The men who can change the Australian mining industry

Published: 29/06/2016

A small milestone to report this week – albeit one that has been 30 years in the making. Way back in the days when he was still learning the microscopic characteristics of plagioclase feldspar during mineralogy labs at the Royal School of Mines (RSM) in London in 1984, your scribe was elected to what is known at RSM as the Chaps Club – where the name somewhat gives it away as something of a gentlemen’s club for fledgling young mining industry professionals considered to be of sound character. It was a very proud moment at the time and remains so – to the point where the micro-sized membership booklet handed to each club initiate remains framed on the wall of my home office. Some of the details of joining the invitation-only club you can probably guess: for example, a fair amount of speed drinking was involved as part of the welcoming ceremony. A flaw in the club’s constitution however back then was that female students were not eligible to be elected. Debate raged to try to remedy that shortcoming but somehow nothing ever happened. An email report received last week confirms that 30 years on, the Chaps Club recently elected its first female member; a positive but very belated small step in the right direction.

That brings me to another pressing issue along the same lines: of greater consequence is the current poor representation of women on mining company boards. Your scribe is tiring of discussing and reading about the subject area to be honest – everywhere from the publications of the Australian Institute of Company Directors, to those of the Australian Institute of Mining & Metallurgy – to the national press – and to writing several past issues of Strictly Boardroom too. Never have so many column inches been written on the same subject – with seemingly so little impact.

Despite the sheer volume of words dedicated to the subject that has gone before, Strictly Boardroom will add further to the total tally here: Why? Because catalysing change is so important. If just words won’t make a difference then perhaps naming names will?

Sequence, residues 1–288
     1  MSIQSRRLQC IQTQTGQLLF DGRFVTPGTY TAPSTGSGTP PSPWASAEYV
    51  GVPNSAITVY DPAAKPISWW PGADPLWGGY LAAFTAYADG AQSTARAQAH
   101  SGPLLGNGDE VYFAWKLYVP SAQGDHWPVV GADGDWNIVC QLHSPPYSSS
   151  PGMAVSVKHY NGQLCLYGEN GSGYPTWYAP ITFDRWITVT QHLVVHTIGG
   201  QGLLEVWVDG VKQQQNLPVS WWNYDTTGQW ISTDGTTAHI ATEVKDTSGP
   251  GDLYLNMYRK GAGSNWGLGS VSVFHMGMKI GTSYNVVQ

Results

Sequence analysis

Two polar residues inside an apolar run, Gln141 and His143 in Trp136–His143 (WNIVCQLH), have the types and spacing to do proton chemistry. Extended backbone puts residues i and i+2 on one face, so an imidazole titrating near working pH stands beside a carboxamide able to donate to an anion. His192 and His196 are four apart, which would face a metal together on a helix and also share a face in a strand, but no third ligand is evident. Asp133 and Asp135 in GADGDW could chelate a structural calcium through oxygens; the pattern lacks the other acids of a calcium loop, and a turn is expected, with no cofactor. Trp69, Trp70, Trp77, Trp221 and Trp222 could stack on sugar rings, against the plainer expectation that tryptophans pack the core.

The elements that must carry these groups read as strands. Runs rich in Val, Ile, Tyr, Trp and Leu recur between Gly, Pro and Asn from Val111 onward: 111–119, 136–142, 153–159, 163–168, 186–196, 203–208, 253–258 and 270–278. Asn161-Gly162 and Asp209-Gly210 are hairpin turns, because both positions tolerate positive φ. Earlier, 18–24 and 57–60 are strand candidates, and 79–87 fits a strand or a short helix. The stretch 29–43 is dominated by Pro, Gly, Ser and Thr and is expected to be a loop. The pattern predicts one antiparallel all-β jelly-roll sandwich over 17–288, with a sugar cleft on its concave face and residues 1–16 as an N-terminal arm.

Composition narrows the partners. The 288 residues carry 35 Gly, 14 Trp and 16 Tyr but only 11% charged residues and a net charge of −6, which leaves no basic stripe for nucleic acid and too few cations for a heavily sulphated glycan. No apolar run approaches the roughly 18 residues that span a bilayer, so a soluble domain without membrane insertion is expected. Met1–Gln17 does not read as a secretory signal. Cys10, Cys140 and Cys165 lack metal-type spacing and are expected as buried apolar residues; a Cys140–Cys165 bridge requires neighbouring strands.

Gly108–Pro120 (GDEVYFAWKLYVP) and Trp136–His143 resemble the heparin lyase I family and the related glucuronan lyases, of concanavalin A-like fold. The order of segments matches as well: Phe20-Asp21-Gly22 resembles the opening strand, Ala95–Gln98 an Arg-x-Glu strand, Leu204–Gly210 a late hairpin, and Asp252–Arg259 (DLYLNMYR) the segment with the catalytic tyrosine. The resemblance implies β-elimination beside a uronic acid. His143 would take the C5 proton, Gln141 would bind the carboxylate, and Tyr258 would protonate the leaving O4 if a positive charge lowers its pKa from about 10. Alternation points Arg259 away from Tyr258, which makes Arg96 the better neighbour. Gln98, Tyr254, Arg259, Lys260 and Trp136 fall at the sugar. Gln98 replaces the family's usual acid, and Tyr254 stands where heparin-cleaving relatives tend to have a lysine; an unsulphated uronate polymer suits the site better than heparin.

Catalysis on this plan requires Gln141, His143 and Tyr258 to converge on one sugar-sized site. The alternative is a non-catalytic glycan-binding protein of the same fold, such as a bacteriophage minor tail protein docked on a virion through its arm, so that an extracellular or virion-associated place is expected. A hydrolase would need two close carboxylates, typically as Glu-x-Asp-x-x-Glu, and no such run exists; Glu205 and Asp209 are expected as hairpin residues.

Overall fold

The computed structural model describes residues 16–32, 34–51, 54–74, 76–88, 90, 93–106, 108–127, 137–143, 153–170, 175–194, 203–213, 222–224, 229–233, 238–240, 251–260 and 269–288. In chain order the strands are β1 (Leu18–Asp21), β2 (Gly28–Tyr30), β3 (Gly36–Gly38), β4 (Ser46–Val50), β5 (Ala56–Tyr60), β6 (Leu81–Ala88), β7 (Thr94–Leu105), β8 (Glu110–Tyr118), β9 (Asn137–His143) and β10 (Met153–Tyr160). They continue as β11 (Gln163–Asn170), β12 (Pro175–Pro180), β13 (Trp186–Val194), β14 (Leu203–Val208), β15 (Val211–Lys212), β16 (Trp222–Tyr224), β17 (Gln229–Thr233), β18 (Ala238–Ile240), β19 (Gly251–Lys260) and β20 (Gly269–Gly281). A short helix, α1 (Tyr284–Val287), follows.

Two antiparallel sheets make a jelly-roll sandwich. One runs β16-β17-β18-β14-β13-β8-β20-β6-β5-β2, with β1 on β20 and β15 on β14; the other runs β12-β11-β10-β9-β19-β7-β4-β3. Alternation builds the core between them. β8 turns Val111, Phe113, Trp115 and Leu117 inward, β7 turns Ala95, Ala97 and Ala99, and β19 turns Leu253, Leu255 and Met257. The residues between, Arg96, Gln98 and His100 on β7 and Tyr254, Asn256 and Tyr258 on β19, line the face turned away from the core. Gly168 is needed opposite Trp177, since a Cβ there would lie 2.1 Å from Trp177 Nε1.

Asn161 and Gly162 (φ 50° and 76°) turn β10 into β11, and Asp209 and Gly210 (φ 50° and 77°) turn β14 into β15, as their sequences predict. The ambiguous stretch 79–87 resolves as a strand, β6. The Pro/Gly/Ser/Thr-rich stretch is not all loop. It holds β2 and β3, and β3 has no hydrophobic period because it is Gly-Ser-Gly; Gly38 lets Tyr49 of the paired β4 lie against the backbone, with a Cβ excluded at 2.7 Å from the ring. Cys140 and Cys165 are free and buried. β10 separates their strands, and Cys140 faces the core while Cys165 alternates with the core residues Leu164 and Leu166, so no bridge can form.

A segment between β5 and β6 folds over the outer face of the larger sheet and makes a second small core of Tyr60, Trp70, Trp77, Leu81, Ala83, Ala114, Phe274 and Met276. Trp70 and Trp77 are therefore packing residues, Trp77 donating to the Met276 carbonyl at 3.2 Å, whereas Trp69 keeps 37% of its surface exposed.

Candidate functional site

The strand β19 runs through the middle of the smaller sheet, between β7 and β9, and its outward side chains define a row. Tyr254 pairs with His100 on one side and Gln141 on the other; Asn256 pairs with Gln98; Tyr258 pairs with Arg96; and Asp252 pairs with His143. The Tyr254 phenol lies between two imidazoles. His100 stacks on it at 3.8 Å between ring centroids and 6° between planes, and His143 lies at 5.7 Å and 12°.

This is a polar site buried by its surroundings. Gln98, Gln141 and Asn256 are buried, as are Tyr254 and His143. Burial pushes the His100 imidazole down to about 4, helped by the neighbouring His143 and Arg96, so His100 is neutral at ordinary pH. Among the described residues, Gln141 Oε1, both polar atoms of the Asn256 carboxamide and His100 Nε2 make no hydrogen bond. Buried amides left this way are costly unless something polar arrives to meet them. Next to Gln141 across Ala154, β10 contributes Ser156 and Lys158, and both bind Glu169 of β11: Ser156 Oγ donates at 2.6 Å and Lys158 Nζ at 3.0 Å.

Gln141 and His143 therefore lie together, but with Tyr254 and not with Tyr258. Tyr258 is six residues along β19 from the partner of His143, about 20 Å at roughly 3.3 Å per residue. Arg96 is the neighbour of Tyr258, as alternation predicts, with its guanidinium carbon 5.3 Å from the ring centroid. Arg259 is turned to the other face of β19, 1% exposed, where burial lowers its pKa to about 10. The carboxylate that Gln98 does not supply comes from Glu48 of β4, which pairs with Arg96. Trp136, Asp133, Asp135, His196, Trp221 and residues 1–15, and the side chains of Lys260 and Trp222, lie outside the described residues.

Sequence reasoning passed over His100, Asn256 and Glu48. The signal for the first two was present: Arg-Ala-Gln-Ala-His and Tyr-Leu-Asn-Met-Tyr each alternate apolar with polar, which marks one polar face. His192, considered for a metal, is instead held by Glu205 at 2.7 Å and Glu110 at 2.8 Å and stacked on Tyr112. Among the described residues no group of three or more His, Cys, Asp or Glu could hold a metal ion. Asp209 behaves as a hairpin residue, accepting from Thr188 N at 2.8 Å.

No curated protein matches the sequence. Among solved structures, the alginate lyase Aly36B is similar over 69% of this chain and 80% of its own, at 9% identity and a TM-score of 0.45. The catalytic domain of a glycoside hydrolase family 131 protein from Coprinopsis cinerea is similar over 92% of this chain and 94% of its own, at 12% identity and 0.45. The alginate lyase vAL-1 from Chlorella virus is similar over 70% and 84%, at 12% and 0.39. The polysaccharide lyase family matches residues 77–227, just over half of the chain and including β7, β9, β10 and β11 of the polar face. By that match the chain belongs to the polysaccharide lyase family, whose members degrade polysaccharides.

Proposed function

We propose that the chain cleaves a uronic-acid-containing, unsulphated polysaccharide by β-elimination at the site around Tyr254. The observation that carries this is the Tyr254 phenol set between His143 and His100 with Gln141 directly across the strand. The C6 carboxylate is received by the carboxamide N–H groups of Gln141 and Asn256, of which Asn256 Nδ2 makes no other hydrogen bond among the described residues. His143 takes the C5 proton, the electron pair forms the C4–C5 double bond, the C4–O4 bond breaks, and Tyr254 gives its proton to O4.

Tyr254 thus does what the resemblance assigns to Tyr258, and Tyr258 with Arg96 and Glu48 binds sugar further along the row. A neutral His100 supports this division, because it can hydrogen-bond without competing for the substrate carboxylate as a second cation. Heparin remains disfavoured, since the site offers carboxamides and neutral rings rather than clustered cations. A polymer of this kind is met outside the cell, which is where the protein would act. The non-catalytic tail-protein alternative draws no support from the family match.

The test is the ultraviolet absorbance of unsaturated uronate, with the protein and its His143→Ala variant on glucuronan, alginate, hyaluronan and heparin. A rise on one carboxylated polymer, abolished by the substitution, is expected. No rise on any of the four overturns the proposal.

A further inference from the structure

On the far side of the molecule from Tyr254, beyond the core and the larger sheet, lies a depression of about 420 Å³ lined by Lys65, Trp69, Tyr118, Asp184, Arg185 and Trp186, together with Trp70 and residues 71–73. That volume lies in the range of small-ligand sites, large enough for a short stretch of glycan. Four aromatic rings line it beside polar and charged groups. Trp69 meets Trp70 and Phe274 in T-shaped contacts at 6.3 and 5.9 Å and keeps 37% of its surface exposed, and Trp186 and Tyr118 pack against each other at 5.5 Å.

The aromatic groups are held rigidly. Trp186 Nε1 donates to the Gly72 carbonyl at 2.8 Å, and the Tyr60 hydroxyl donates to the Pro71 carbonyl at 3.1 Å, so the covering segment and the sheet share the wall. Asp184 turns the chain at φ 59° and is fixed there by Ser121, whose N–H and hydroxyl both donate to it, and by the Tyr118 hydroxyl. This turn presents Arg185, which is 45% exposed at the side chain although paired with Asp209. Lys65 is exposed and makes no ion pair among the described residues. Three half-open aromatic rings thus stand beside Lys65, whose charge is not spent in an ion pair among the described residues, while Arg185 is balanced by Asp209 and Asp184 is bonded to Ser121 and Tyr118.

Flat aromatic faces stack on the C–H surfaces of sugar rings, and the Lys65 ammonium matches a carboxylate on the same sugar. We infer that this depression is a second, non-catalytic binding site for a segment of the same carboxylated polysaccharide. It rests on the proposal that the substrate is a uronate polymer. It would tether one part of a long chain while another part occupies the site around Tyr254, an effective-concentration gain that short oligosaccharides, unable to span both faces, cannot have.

Here then is the list of the chairmen of those ASX-listed minerals companies (ex-oil and gas) within the largest 100 companies by market capitalisation where there is presently no female board representation. Strictly Boardroom hopes to publish this list again in the future – with the firm expectation it will be a far shorter list by that time.

There is a Churchill-style misquote that springs to mind: “Never in the history of the Australian mining industry has so much been said on a subject, by so very many, that could be solved by so very few”.

The chairmen listed below, many of whom are known personally by your scribe as our industry’s leaders, can solve the issue and save us all the collective embarrassment that the mining industry, at the highest level, is perceived by those outside it as being a boy’s club. The current gender bias on boards promotes such a perception rather than curtails it.

Please guys – let’s get the mining industry into the 21st Century – given that it is already 2016. We don’t have another 30 years to wait*:

Jim Askew – Robert Barraket – Debu Bhattacharya – Peter Bilbe – Peter Bird – Richard Block – Will Burbury – James Calaway – Peter Cassidy – James Chisholm – Mark Clark – Steven Cole – Gary Comb – Mark Connelly – Peter Cook – Seamus Cornelius – Otakar Demis – Kevin Dundo – John Dunlop – Eduardo Elsztain – Michael Evans – Dr Qixue Fang – Reg Gillard – David Hathorn – John Hopkins – Lee Hui – Peter Huston – Milan Jerkovic – Colin Jones – Rodney Joyce – Graham Kavanagh – Michael Kennedy – Robert Kennedy – Miles Kennedy – Jake Klein – Tony Leibowitz – Peter Lester – Xiyong Li – Richard Lockwood – Dr Garry Lowder – Jisheng Lu – Ken MacDonald – Ian Macliver – Kevin Maloney – Colin McCavana – Gerard McMahon – Ian Middlemas – John Morris – Peter Newton – Justyn Peters – Frank Poullas – Richard Procter – Bernie Pryor – David Quinlivan – Craig Readhead – Chris Rowe – Martin Rowley – David Somerville – Keith Spence – Andrew Teo – Michael Trumbull – Rick W Crabb – Dr Noel White – Rohan Williams – Ken Williams – Rex Wood-Ward – Peter Ziegler

Good hunting.

Allan Trench is a Professor at the University of Western Australia Business School and Research Professor (Value & Risk) at the Centre for Exploration Targeting, University of Western Australia, a Non-Executive Director of several resource sector companies – and the Perth representative for CRU Consulting, a division of independent metals & mining advisory CRU Group (

*Chairperson names and company board composition analysis reflects content on the Australian Securities Exchange (ASX) website. Strictly Boardroom has previously found occasional errors and omissions from the information – including the omission of female board members – and cannot entirely rule out inaccuracies from that source in the information synthesised here.  The largest ASX-listed minerals companies (excl. oil/gas) is collated each month by PCF Capital.